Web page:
Calendula officinalis has a breadth of literature, which suffers from similar translation and availability problems as the common daisy.  Despite these restrictions, Park et al. (1998) report that lutein from Marigold extract can reduce breast tumor development.  Using mice bread with for developing a certain type of mammary tumor and a separate group inoculated with tumor cells (n=20/treatment), the authors compared different diets containing 0.002, 0.02, 0.2, and 0.4 % lutein from Marigold extract.  The results showed that the lower doses (0.002-0.02%) significantly lowered tumor incidence at a P<0.05 level.  This study hints at a potential cancer fighting agent in Marigold extract, but this is not mentioned in the Internet literature.  In addition, this study uses Marigold taken orally as opposed to used topically.  This prevents any generalization to the ingredient found in Epicure Crystal Sport Cream. 

            Other studies on Marigold’s healing properties suggest that it can reduce reverse transcription of HIV-1 in controlled cell cultures (Kalvatchev et al. 1997).  However, this has not been proven in human trials.  Research on Marigold’s anti-inflammatory effects does exist, but these articles could not be obtained.  Loggia et al (1994) report that triterpenoids are effective in reducing inflammation, but Calendula officinalis has many active components (Abstract).  In addition to its healing properties, Marigold has been shown to genotoxicity in heterozygous diploid D-30 of Aspergillus nidulans (Ramos et al 1998).  This has no generalizing effects to humans, but is an example of the potential danger observed with Calendula officinalis.  In conclusion, Marigold may be an important active ingredient in Epicure Crystal Sports Cream by providing anti-inflammatory effects, but other assumptions made about the herb lack significant research.

            On of the most popular and most researched herbs on the ingredient list for Epicure’s sports cream is Echinacea.  However, researchers are more interested in the effects of this drug when taken orally.  Several review articles include discussion of this herb and its potential hepatoxicity (Hill and Van Haselen 1996; Miller 1998; Ness et al. 1999).  This is of particular importance to those who use steroids because it may increase the risk of hepatoxicity (Miller 1998).  Hill and Van Haselen (1996) examined the effects of Prrrikweg gel on insect bites.  This homeopathic gel includes Echinacea and Ledum Palustre, which are both ingredients in Epicure’s sports cream.  The study demonstrated that this gel is unable to relieve itching, but the methodological design of the experiment cannot be evaluated.  Final evaluation of this herb is that not much is known about how it affects humans when applied topically. However, since there are some athletes who use steroids, any product that contains this herb should be considered an increased risk to hepatoxicity.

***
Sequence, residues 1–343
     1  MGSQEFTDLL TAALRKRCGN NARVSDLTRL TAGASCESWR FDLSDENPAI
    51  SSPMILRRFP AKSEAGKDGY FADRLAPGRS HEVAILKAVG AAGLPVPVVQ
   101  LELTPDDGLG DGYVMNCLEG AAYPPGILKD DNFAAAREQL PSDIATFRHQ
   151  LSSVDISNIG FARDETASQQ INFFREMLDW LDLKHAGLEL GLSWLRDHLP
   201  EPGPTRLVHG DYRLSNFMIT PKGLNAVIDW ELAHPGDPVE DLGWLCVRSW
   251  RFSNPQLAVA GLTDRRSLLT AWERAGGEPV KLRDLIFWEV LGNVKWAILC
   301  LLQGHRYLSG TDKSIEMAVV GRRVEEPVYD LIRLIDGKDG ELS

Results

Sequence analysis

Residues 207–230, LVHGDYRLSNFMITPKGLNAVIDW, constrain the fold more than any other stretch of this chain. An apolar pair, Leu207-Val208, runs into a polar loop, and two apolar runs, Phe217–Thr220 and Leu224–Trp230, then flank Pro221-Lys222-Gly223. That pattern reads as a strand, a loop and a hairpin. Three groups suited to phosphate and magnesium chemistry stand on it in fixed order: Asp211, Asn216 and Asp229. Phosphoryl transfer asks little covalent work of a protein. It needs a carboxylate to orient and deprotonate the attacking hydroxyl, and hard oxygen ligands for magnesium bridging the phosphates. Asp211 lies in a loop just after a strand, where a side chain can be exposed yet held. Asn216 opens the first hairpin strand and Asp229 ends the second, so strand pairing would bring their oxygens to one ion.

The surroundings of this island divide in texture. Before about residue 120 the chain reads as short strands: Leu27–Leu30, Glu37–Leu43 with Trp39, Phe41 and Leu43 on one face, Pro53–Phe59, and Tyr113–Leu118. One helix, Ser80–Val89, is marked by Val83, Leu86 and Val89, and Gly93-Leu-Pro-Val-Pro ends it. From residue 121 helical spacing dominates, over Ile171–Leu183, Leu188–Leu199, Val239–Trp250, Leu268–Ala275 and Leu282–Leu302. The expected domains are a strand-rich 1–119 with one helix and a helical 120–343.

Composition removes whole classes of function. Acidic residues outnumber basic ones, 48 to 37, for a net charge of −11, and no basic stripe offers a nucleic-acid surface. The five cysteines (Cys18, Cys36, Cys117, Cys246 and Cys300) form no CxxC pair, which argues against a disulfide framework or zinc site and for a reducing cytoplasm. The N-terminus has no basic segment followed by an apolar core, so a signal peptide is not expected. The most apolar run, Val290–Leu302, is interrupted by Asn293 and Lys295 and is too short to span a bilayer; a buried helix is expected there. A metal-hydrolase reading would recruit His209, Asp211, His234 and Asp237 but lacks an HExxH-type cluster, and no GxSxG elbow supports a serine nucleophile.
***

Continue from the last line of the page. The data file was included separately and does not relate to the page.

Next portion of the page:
Little research exists on Comfrey and its efficacy in treating pain or swelling.  Hirono et al. (1978) reports that the pyrrolizidine alkaloids in Symphytum officinale increase the rate of tumors when fed to rats as compared to controls.  In all conditions of experimental group, 3 groups eating different parts of the plant (leaf, stem, and root), there was an increased rate of tumors.  No studies were found that discussed the topical treatment, human subjects, or efficacy of the herb.  This herb has no standing for its claims and could poses potential cancer causing agents.

            Aconitum Napellus may be widely used by homeopaths but there are some side effects to its use.  According to Ameri  (1998) the most active components in this herb are the Aconitum Alkaloids.  These components activate voltage gated NA+ channels and block the reuptake of adrenaline.  This causes an inexcitability and suppression of pain transmission at the neuronal level.  However, too much of this can be toxic.  The author suggests that the next important step to studying this herb is to develop a dose dependent curve for neurotoxicity, which will better allow physicians and homeopaths to understand what dosages are safe.  As with the other Epicure ingredients, this drug has no substantial literature to link it to treating sports injuries, or to support the various other curative suggestions mentioned on the Web.